Howdy. My name is Eric Hauter, and I am a dad with a ton of kids. During my non-existent spare time, I like to play a wide variety of games, including JRPGs, strategy and action games (with the occasional trip into the black hole of MMOs). I am intrigued by the prospect of cloud gaming, and am often found poking around the cloud various platforms looking for fun and interesting stories. I was an early adopter of PSVR (I had one delivered on release day), and I’ve enjoyed trying out the variety of games that have released since day one. I've since added an Oculus Quest 2 and PS VR2 to my headset collection. I’m intrigued by the possibilities presented by VR multi-player, and I try almost every multi-player game that gets released.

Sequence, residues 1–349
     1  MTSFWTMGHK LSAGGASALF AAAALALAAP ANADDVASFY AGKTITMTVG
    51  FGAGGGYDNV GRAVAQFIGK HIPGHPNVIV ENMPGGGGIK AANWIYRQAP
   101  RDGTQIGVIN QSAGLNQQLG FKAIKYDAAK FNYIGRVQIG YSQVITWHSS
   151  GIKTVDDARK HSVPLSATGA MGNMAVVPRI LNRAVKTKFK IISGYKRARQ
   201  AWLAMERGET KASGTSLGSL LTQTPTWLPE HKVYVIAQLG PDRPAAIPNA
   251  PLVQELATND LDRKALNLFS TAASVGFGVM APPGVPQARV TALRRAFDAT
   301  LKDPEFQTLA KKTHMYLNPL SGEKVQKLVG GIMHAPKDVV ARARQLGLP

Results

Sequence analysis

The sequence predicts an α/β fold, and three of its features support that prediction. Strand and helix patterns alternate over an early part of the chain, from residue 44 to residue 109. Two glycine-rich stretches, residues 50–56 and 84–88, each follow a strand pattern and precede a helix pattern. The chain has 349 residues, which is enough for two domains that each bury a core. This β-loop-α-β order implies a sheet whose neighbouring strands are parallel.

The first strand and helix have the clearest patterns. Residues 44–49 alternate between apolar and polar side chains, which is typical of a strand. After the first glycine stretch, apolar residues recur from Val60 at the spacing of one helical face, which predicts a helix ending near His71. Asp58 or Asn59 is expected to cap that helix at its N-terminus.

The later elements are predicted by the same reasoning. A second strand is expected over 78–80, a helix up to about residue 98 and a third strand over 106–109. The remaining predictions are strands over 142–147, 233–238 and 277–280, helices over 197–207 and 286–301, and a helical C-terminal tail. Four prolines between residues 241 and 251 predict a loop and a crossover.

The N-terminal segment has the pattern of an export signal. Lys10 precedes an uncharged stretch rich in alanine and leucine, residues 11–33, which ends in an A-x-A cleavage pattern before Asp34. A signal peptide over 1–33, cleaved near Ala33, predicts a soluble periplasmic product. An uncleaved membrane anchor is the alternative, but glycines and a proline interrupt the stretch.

My first system was a Commodore 64, and I’ve owned countless systems since then. I was a manager at a toy store for the release of PS1, PS2, N64 and Dreamcast, so my nostalgia that era of gaming runs pretty deep. Currently, I play on Xbox Series X, Series S, PS5, PS4, PS VR2, Quest 2, Switch, Luna, GeForce Now, (RIP Stadia) and a super sweet gaming PC built by John Yan. While I lean towards Sony products, I don’t have any brand loyalty, and am perfectly willing to play game on other systems.
When I’m not playing games or wrangling my gaggle of children, I enjoy watching horror movies and doing all the other geeky activities one might expect. I also co-host the Chronologically Podcast, where we review every film from various filmmakers in order, which you can find wherever you get your podcasts.